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Clothing Companies Spin a Yarn with Commercial Invoices, Resulting in $13.4 Million in Fines for Customs Violations

Be skeptical of suppliers offering to “help” keep duties low. Thoroughly investigate any indications of double invoicing. Two China-based clothing manufacturers, Motives Far East and Motives China Limited, and their affiliated US importer, Motives, Incorporated (collectively “Motives”), agreed to pay nearly $13.4 million for engaging in a double invoicing scheme designed to defraud the United States out of millions of dollars in customs duties, according to US Immigration and Customs Enforcement's Homeland Security Investigations directorate, and US Customs

Name That Circuit Split: Nominative Fair Use in the Second Circuit

In the recent case of International Information Systems Security Certification Consortium v. Security University, LLC, the Second Circuit articulated its test for analyzing nominative fair use claims in trademark infringement cases. While we now know the Second Circuit’s test, the case also highlights a notable circuit split between the Ninth, Second, and Third Circuits regarding nominative fair use. As a result, companies intending to rely on a nominative fair use defense may have varying success depending on the jurisdiction.

Triple Threat: Chinese Ad Company’s Malware Raises Ad Fraud, Cybersecurity, and Privacy Concerns

What’s New? Recent reports indicate that advertising fraud is not only increasing but is now being run by groups alongside otherwise legitimate advertising businesses.    Cybersecurity company Check Point recently released a report finding that HummingBad—a known malware that takes over Android devices, generates fraudulent advertising revenue, and installs apps on the infected phones—was developed and is controlled by a group of cybercriminals within Yingmob, an otherwise legitimate advertising analytics business based in Beijing.   

California Retailers: Use of Thermal Receipt Paper Gets Costly

The first NOV involving register receipts was issued by the Center for Environmental Health against a restaurant in Lake Forest  California retailers appear to have two options: post warning signs in the store or switch to electronic receipts or BPA-free paper Since May 11, 2016, consumer products sold in California that contain the chemical bisphenol A (BPA) require a Proposition 65 Warning Notice at the point of sale or on the products themselves.

Employers May Have to Include Pay-in-Lieu of Benefits In Regular Rate for Overtime

Under the federal Fair Labor Standards Act, employers must pay employees overtime based on their “regular rate.” Various states, including California, also follow the FLSA regular rate definitions. For non-exempt employees paid only on an hourly rate, determining the regular rate is easy: It is the hourly rate. However, matters can be tricky when an employer also pays non-exempt employees additional compensation, such as bonuses or commissions. In many cases, additional amounts paid must be included in determining the regular rate.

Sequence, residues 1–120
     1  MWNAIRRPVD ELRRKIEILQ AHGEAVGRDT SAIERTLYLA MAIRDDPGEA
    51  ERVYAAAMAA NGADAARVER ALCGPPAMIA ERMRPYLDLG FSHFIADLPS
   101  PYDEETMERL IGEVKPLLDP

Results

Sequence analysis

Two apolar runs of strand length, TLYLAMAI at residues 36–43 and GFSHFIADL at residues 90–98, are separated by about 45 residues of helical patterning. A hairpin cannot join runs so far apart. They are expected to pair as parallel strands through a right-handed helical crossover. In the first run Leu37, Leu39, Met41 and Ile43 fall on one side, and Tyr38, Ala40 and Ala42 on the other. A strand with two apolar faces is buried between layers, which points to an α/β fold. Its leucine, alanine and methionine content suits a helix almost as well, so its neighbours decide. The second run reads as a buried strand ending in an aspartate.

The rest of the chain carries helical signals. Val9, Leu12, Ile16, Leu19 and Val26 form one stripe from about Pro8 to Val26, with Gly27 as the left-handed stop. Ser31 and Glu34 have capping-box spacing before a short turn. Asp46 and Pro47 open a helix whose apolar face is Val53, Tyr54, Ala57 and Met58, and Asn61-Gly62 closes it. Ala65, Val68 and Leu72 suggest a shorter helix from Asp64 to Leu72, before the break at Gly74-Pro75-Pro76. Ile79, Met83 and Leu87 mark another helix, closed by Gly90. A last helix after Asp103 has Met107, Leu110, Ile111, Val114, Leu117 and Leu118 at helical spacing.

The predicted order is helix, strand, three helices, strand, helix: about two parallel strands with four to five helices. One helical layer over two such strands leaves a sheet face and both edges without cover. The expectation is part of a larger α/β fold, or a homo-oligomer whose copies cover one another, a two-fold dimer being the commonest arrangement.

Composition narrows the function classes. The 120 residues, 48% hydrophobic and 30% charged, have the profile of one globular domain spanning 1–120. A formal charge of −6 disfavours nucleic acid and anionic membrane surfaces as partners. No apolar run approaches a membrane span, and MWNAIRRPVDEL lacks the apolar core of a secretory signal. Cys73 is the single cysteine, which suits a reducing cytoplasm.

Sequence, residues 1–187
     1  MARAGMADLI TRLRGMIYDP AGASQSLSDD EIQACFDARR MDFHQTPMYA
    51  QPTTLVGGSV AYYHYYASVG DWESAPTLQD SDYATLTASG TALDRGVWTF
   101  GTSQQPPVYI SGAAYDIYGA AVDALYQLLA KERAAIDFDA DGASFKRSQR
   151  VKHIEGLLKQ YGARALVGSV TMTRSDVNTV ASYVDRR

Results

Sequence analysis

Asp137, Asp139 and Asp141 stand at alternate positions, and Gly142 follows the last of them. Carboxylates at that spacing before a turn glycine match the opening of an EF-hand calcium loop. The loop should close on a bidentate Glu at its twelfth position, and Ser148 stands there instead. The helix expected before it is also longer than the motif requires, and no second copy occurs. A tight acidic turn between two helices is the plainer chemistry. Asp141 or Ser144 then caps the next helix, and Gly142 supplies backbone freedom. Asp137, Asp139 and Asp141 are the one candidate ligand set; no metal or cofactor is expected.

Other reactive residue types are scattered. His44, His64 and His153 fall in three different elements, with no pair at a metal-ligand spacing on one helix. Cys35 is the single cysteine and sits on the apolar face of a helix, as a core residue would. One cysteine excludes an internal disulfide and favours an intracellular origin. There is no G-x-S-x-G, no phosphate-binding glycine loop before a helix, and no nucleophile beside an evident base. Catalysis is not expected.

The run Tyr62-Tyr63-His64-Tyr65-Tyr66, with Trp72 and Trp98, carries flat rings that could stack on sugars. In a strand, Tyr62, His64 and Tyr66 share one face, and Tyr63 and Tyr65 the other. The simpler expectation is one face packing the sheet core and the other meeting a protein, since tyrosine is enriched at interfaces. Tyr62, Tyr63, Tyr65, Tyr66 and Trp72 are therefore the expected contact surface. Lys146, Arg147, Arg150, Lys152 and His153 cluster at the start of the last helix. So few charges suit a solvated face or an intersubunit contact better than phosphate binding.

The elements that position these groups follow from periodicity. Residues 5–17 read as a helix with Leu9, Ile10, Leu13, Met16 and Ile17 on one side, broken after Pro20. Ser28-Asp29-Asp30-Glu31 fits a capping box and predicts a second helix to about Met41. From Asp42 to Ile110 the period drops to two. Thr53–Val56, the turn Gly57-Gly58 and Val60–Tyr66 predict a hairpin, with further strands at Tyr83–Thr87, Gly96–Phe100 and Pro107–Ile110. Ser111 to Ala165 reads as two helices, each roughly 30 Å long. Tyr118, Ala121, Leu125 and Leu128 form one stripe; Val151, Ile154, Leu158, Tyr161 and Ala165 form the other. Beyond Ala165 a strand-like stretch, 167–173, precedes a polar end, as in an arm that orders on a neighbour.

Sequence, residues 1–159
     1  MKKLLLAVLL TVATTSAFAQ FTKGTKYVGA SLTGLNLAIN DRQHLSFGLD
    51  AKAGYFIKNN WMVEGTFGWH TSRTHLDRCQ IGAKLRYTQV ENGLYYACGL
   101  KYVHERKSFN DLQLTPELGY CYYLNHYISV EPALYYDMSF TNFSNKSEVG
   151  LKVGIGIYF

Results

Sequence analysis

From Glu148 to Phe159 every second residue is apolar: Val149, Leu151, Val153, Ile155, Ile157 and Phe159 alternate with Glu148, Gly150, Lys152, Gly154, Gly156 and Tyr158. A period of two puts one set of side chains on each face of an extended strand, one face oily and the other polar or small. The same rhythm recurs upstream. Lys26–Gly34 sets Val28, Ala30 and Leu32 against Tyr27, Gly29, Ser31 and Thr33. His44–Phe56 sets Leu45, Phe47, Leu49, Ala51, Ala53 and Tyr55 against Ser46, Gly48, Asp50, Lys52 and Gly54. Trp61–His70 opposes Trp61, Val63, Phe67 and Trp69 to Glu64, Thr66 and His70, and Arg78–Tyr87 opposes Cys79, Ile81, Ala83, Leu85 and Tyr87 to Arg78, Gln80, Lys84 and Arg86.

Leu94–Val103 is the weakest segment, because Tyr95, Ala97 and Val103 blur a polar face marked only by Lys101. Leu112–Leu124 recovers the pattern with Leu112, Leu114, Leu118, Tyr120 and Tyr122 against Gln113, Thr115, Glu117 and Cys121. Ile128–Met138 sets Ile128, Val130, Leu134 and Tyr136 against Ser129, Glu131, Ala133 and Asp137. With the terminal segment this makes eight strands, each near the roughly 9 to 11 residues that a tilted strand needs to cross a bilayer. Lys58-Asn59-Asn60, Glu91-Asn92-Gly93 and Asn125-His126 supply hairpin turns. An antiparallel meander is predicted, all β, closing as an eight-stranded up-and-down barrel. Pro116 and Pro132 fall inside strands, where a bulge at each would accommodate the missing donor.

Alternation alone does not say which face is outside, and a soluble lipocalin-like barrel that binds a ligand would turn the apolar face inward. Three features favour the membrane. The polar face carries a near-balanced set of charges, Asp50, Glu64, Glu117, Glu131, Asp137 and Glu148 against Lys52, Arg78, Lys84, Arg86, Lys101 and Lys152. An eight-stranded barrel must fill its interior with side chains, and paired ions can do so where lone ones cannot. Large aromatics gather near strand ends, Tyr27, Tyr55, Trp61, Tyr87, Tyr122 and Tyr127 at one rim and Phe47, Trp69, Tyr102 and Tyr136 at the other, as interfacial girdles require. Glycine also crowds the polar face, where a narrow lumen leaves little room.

EU Reg Would Ban Retail Companies From Using Geo-Tracking In Online Shopping

Under a proposed EU regulation, online retail companies in Europe may no longer be able to use geo-tracking in online shopping.

Walgreens Settles Pricing Dispute After New York’s Years Long Investigation

What’s the News Walgreens recently settled with the state of New York over allegations that the drug retail chain misled consumers with its pricing, including value and clearance prices. According to the New York attorney general’s office, an undercover investigation showed that Walgreens was overcharging customers compared to the prices displayed in print advertising and on-shelf tags. Walgreens agreed to pay $500,000 to settle the dispute and has agreed to review and correct the allegedly misleading pricing practices.

San Francisco Mandates Employers Provide Paid Parental Leave

California has myriad laws giving employees the ability to take various paid or unpaid leaves. Some cities impose even broader paid sick leave mandates. Now, starting January 1, 2017, larger employers with employees working in San Francisco will have to provide employees with paid parental leave to bond with a new child. On July 1, 2017, the ordinance expands to cover smaller employers.  

Retailer Cashes In On Refund Claims for Unredeemed Store Credits

Store credits not redeemable for cash are not unclaimed property under California's Unclaimed Property Law (UPL). In Bed Bath & Beyond Inc. v. Chiang, Case No. 37-2014-12491 (Super Ct. San Diego, Cal. Mar. 4, 2016), the Superior Court issued summary judgment in favor of the national retail chain, Bed Bath & Beyond Inc., holding that merchandise credits not redeemable for cash are not subject to the UPL and also qualify for an exemption under the UPL for gift certificates that do not expire.  

These Prices are Healthy?!: GNC Sued for Alleged Fake Pricing

What’s the News? A recent lawsuit filed against GNC serves as a reminder that companies need to ensure that prices listed as “regular prices” are substantiated.